Jazz After radio popularity of certain artists many Americans came to enjoy it. These bands would often have their performances broadcast live from places in Harlem such as the Cotton Club and Small’s Paradise. Led the genre of music to mainstream popularity
Speakeasy Locations where Jazz became a national movement, and you could get a little drink on the side
Chicago City that was the center of the Jazz movement
Louis Armstrong African American Trumpet player who was a master of the New Orleans style of Jazz
Jazz Singer The first film with synchronized voices, successfully released in 1927
Jim Crow Laws Racial segregation laws enacted after the Reconstruction period in Southern United States. Black people were not able to have the same benefits of education, transportation, job opportunities, etc. making white men superior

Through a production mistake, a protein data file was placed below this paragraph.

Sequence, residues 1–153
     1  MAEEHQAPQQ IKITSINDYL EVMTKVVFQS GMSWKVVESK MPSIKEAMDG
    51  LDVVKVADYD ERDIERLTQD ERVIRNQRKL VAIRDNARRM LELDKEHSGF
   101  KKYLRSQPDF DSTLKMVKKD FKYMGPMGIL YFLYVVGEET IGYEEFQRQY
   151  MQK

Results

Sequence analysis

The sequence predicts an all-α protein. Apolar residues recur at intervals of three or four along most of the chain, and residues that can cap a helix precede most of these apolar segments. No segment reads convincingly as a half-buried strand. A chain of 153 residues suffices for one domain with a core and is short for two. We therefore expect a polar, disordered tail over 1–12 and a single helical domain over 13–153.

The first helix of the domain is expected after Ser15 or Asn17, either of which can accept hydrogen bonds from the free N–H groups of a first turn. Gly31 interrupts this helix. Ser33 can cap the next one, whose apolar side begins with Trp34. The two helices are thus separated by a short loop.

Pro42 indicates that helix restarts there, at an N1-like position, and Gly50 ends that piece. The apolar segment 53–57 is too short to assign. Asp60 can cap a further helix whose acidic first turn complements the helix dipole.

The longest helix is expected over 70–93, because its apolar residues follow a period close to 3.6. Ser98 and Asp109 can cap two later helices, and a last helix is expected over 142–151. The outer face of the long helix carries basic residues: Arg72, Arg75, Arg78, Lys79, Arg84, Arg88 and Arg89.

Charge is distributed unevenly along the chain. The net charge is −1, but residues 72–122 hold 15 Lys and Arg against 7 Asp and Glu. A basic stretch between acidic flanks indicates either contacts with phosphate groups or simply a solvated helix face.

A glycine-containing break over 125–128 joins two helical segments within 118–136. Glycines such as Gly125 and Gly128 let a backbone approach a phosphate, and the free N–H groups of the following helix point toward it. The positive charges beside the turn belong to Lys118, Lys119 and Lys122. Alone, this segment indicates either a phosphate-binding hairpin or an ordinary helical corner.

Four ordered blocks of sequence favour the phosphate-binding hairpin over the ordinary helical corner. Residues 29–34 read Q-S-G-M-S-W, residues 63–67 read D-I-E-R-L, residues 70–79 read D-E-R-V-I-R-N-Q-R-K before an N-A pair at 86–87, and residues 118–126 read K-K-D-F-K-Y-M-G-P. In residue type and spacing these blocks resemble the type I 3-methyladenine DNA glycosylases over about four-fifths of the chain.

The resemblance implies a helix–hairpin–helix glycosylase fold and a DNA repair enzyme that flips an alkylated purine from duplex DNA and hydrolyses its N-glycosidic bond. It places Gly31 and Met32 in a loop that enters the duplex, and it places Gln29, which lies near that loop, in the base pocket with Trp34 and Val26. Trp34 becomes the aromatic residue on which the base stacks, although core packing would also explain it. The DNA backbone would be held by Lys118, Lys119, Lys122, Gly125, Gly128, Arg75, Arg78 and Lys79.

Lusitania A British liner sunk on May 7, 1915 by a German U-boat after Germany declared any neutral or enemy ship would be sunk on the British Isles. 1.2k people dead, 128 American. The Lusitania had been carrying war materials, passengers warned of attack
Mann Act Named after Congressman James Mann. Made prostitution as it was deemed “immoral” and human trafficking (although mainly when the trafficking was for prostitution) felonies. An act of protective legislation and moral reform during the progressive era
Mary Pickford A Canadian-American actress and helped found the film studio United Artists and the Academy of Motion Picture Arts and Sciences. Was known as “America’s Sweetheart,” “Little Marry,” and the “girl with the curls.”